I always pushed back on this notion that we have a lot of students who do the DukeEngage programs because it’s a box they need to check. I know I need to do something for my future employers. Fine, if you come to it from that perspective and you come to Chicago, I’m going to make you think about whether or not you really, really, really want to be a servant leader. Some people are not meant for the jobs that have that as a current, right? Along with that, I think it gives students very practical skills and information around leadership, but also empathy and communication skills. It may be the first time some students have actually ever had a real job. You’re having to talk to people that you never probably thought you’d talk to. You have to understand how the organization works. You have to do your research and understand systems. You have to be in meetings where you have to be really attentive to what’s going on because more than likely you’re going to be asked to do something about it. Along with that, you also are now a part of a community that is counting on you. There are some jobs you can do and it doesn’t matter if you’re a part of the community, right? Internships and placements through DukeEngage mean that you are a part of that community. For instance, I’m thinking about the Arab American Action Network, which is one of our community partners. In order to be a participant and to really get more out of the experience of being a part of that organization for two months, you need to understand what Arab Americans in Chicago go through. It’s not okay for you not to know because it impacts everything that you do within that organization. The organization is there to teach you, but for some of it you have to do research on your own. All of our partners are like that. They are steeped in the community.
You have to be a part of that community and know what that community needs in order to be effective. I hope that students walk away learning that being part of a community is a really important aspect of their adult lives, outside of the job skills and the leadership skills they gain. Surprisingly, there are many students who don’t have that coming to Duke or DukeEngage. They’re trying to find their place on this campus, find their community, maybe still struggling, and wound up going on a DukeEngage, and that might be your first experience with being connected to a community. That’s powerful for a lot of students. If they come to DukeEngage-Chicago, that’s one of the elements that we stress: this is your community. We work really hard to help them with that.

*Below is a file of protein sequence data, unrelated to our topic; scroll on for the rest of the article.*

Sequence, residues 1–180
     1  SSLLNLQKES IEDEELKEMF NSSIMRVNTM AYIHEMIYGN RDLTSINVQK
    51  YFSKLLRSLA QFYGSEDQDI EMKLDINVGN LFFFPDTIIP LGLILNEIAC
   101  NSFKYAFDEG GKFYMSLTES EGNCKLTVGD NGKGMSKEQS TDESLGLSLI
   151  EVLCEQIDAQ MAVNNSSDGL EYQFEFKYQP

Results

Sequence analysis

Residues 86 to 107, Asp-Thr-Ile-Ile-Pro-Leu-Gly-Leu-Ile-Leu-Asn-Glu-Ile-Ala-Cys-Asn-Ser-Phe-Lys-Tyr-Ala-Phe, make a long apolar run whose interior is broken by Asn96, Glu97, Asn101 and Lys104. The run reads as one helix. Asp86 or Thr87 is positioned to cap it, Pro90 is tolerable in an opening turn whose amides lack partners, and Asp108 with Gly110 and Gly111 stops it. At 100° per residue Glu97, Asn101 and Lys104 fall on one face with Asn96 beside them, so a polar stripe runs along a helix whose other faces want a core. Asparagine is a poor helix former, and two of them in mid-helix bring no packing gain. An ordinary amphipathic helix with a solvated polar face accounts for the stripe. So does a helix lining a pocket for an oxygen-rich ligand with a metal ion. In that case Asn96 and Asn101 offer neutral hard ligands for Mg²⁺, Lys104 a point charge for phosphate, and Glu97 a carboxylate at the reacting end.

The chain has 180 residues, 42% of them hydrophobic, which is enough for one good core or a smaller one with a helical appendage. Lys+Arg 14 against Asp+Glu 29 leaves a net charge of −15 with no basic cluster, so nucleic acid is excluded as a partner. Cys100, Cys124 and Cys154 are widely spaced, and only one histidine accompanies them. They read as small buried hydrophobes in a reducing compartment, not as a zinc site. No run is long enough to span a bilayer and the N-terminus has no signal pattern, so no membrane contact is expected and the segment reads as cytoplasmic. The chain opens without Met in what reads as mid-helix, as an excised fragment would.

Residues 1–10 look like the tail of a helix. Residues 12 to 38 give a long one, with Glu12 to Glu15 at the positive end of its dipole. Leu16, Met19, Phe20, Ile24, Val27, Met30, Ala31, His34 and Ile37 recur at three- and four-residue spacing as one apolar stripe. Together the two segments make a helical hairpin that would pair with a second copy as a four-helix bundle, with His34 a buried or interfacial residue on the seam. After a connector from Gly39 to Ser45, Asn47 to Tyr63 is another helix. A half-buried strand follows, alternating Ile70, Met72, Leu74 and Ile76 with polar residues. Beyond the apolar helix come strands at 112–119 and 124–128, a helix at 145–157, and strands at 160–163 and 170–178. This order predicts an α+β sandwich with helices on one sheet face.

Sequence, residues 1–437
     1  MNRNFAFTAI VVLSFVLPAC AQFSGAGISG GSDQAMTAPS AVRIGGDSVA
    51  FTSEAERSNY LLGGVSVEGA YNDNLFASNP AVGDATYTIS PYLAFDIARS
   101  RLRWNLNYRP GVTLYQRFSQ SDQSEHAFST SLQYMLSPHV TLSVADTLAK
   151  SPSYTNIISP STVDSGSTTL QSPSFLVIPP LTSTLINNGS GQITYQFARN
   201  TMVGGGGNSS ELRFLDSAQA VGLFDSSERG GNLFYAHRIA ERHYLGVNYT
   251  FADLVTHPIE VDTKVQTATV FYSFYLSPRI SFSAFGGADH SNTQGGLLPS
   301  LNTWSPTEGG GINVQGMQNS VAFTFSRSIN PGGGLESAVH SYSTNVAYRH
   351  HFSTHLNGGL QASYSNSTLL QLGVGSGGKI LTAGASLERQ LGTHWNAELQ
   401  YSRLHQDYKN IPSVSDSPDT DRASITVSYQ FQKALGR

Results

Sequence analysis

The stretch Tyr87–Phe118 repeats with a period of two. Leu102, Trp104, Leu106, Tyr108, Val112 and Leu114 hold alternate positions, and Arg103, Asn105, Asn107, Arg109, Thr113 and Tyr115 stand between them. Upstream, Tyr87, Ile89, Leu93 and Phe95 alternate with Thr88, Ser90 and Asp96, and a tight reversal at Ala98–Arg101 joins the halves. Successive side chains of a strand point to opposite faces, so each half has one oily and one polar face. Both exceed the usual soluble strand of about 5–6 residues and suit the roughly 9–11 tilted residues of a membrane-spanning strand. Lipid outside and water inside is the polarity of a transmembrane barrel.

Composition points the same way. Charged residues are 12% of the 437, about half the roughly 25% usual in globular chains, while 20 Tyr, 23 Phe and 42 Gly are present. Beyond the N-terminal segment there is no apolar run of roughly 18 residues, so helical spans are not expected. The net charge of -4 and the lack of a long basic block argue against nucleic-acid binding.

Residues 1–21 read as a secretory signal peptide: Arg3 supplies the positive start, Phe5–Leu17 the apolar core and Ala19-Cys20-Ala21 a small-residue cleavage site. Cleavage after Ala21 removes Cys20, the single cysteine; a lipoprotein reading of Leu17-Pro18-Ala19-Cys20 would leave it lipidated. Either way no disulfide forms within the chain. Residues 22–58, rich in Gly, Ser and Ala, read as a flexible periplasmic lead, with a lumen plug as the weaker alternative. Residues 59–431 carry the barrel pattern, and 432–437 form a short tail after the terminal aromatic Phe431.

What are you most excited about for this summer?
What I’m most interested is really just seeing how we can take the lessons that we learned from this past summer and improve on it and make it, if that’s possible, an even better, stronger program than before. I think I’m just excited to see how it rolls out again and see if it works the same or if the tweaks that we made here or there make a difference. I’m definitely excited about another cohort. I think that you just don’t know. You don’t know, and it’s kind of the anticipation of not knowing. I’m really excited to kind of meet them and see how they work and gel together. I think it’ll be great.